The famous 1925 serum run to Nome in which diphtheria antitoxin was transported from Anchorage, Alaska, to Nenana, Alaska by train, and then to Nome by dog sled to combat an outbreak of the disease, was actually a relay. More than 20 mushers took part in the life saving effort, and news coverage of the event was worldwide.
The dog that emerged with the most publicity was Balto (named after the Sámi explorer, Samuel Balto), but initially, he suffered bad press as “just a freight dog.” Born in 1919, he was considered rather slow and very little suited for sled work. He was so underrated by his owner, Leonhard Seppala, that the dog was neutered by Seppala when he was only a few months old (which, incidentally, meant that the puppies Balto supposedly had in Universal Pictures sequels to Balto” could never have happened).
Seppala, himself, chose a dog named, “Togo,” (named after the Japanese admiral Tōgō Heihachirō) to lead his dog team for the Serum Run. The team came from Nome towards the end of the run and picked up the serum from musher, Henry Ivanoff, which was later passed to Gunnar Kaasen who drove his team lead by Balto into Nome. When Gunnar Kasaan became lost on the ice of the Topkok River in fifty mile per hour winds, it was Balto who scented out the right trail and brought the team back safely. Left to Kasaan, the entire team would have plunged through the ice and likely died of hypothermia. On the morning of February 2, Kaasen halted his sled dog team in front of the Miners and Merchants Bank on Front Street in Nome. Dazed, exhausted, and essentially overwhelmed from the ordeal, he stumbled up to the front of the team where, according to witnesses, he collapsed muttering (about Balto) “Damn fine dog.”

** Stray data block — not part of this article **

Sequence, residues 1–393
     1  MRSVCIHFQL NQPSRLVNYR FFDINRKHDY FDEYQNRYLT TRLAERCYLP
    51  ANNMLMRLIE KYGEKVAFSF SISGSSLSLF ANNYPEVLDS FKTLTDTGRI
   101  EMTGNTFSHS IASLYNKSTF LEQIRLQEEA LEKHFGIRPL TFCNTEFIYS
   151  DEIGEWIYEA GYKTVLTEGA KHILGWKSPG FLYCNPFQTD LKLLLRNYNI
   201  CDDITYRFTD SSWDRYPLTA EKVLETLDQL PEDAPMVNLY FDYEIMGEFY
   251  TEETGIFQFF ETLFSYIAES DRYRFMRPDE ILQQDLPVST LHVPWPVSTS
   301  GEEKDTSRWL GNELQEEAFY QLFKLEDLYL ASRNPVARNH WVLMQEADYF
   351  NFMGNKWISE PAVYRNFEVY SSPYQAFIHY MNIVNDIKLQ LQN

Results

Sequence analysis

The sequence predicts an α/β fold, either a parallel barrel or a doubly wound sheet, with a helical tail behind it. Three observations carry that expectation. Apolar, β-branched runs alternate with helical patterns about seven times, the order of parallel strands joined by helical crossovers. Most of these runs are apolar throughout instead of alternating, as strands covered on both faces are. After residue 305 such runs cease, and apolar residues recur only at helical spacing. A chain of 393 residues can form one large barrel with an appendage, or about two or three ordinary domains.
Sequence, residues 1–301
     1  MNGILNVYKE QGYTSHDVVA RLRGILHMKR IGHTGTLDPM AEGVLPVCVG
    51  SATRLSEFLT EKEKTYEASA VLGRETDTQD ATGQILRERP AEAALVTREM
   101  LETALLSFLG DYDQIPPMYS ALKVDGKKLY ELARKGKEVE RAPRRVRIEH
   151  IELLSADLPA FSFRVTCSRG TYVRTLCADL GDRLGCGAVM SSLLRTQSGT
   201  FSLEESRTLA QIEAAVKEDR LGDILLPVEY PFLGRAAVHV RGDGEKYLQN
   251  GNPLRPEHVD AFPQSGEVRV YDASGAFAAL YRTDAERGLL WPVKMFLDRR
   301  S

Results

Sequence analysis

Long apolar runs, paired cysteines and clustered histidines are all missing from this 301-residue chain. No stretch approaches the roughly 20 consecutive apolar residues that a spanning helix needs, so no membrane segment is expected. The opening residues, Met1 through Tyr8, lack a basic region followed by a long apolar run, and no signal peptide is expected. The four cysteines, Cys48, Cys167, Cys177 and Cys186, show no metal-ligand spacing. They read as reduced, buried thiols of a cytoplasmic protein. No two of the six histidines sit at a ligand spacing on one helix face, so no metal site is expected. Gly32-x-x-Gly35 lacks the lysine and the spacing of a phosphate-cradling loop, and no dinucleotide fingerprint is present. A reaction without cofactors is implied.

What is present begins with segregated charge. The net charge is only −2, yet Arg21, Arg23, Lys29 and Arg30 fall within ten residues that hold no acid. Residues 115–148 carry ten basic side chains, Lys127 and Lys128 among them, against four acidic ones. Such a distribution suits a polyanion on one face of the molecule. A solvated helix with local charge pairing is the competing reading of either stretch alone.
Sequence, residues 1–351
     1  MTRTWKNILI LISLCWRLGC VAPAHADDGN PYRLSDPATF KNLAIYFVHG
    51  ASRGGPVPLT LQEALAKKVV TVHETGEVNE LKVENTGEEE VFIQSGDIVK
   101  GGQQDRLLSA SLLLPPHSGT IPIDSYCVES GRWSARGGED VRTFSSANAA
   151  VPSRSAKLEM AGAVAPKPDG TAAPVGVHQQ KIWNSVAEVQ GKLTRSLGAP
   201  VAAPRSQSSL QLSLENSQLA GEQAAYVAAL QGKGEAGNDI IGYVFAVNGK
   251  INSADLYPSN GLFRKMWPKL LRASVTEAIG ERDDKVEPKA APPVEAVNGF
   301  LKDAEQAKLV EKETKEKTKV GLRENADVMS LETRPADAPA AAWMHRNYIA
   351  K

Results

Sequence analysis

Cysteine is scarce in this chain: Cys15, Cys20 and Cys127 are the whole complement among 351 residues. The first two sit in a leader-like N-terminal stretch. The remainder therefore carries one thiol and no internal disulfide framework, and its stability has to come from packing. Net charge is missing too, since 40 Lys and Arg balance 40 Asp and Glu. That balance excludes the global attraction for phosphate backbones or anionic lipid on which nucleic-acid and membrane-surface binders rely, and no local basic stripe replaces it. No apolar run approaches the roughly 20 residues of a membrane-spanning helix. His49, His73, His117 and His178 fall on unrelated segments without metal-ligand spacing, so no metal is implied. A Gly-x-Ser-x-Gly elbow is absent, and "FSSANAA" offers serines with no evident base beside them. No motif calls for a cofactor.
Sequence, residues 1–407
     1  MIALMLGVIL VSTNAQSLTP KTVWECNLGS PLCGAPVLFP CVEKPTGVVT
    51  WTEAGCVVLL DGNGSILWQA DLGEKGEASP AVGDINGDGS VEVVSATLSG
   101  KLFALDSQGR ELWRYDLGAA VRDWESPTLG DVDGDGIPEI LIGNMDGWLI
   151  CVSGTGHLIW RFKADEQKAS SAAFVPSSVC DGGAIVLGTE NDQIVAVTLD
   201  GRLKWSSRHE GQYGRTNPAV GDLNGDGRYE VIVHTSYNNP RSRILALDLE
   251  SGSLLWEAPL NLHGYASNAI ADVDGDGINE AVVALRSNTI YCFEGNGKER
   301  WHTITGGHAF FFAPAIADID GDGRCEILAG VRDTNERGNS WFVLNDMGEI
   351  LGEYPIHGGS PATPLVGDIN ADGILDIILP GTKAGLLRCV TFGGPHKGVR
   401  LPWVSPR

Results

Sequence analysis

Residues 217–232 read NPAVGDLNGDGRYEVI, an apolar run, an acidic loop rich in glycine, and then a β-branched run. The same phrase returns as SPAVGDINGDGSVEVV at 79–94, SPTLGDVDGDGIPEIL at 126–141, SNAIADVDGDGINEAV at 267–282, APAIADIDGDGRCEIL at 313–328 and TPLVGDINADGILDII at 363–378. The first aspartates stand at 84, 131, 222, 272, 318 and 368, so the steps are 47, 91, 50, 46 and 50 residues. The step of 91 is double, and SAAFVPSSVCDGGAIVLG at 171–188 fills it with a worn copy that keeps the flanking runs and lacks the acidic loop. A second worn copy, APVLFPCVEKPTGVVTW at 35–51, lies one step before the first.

Balto was a Siberian Husky.
With 20/20 hindsight, it seems that Seppala may not have been the best judge of dogs. Many experts on the serum run believe that the real hero was Togo. He had the longest and most hazardous stretch of the run which he ran as a 12-year-old dog through 260 miles of a blowing Alaskan blizzard including a long stretch over the fracturing ice of Norton Sound. The round trip was 365 miles!
Seppala, however, had tried to give Togo away – twice. On one occasion, Togo jumped through a kennel window and ran miles to get back to Seppala. At eight months of age, Togo freed himself to chase after Seppala’s dog sled team, chased them up a trail, and caught up to them easily. Finally, Seppala noticed. Balto received most of the fame from the Serum Run because he led the final 55 miles, but Togo is considered the true hero of the Mercy Run.
Togo, too, was a Siberian Husky.
Be sure, too, to read about Fritz, another Siberian Husky.
We can probably fathom what a feat this was, but we may not understand today why it was so necessary. A little perspective, then: In 1921, the United States recorded 206,000 cases of diphtheria that resulted in the deaths of 15,520 children. Four years later, diphtheria rates dropped because of the widespread use of vaccines – but there were no vaccines in Nome when the outbreak occurred. There were no roads going to Nome, and only three airplanes were to be found in all of Alaska. All had been dismantled for the winter. A train only went from Anchorage to Fairbanks, and to make things worse, the diphtheria outbreak occurred during one of the coldest winters in 20 years. Temperatures ranged from -30F to -50F, and daylight visited for only a few hours each day. The only way to get serum to the children was by dog team.
Some say that Seppala helped establish AKC recognition of the “Siberian Husky,”and about this, we can’t be certain. We are beyond positive, however, that the Siberian Husky is a remarkable breed. Today, the Siberian Husky Club of America, offers a Sled Dog Degree Program where Siberians can compete in sled dog races and earn titles.